LOS ANGELES, April 22 -- American and Chinese economies and societies have never been as closely joined as they are today, but strengthening trust between the two countries is essential if they are to tackle the big problems that confront them, said a report released here Tuesday.
The report entitled "Building U.S.-China Trust: Through Next Generation People, Platforms & Programs" is a joint project by the Annenberg School for Communication and Journalism at the University of Southern California and the School of International Studies of Peking University.
Although economies and societies between the two countries have never been as closely joined as they are today, "major differences between the two countries dominate the headlines and polls show that people in the two countries have less respect for and trust in the other country," said the report.
"Moving forward on tough issues such as cyber security, market access, and regional disputes requires building a much stronger foundation of mutual understanding that we have been able to achieve," it said.
The document listed as important sources for U.S.-China distrust the need to adapt to changes associated with China' s rapid economic rise, the different histories, values, and political systems of the U.S. and China, inadequate open and sincere communication, and the temptation to score domestic political points in ways that negatively affect perceptions in and of the other country.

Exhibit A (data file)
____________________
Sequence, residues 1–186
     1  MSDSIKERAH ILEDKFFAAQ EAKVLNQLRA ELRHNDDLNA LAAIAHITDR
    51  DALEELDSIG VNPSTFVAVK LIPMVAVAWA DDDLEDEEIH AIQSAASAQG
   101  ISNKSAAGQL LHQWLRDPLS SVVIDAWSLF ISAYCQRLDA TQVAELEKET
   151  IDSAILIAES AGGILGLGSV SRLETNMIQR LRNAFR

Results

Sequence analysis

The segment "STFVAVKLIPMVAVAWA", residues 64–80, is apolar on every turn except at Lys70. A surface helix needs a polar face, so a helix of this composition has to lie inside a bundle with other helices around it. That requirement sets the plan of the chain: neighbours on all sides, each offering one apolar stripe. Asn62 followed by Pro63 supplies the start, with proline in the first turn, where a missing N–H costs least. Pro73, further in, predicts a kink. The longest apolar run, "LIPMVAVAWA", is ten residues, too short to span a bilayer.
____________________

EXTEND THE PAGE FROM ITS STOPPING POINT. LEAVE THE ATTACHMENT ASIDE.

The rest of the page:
There is "much energy and attention focused on official Washington-Beijing based talks and too little financial support for and focus on people-to-people engagement," it said.
The report recommends that both countries encourage and support "Next Generation Public Diplomacy" to strengthen their ties.
Based on the findings that majorities of Americans and Chinese see the other country in a negative light while, half of those under age 30 have a favorable impression of the other country, it proposed encouraging and funding young students to go to the other country to study as one effective way.
The report suggests that leaders and groups from all sectors should sponsor task-oriented exchanges and collaborations, setting realistic goals, and meeting them.
"We are confident that involving more people in substantive exchanges and publicizing both the process and the outcomes of such collaborations will greatly enhance understanding and increase trust," it said.
Looking forward to the long term dividends of such work, the report urged the two sides to "make the good work already underway more widely known", and most importantly, to "start today."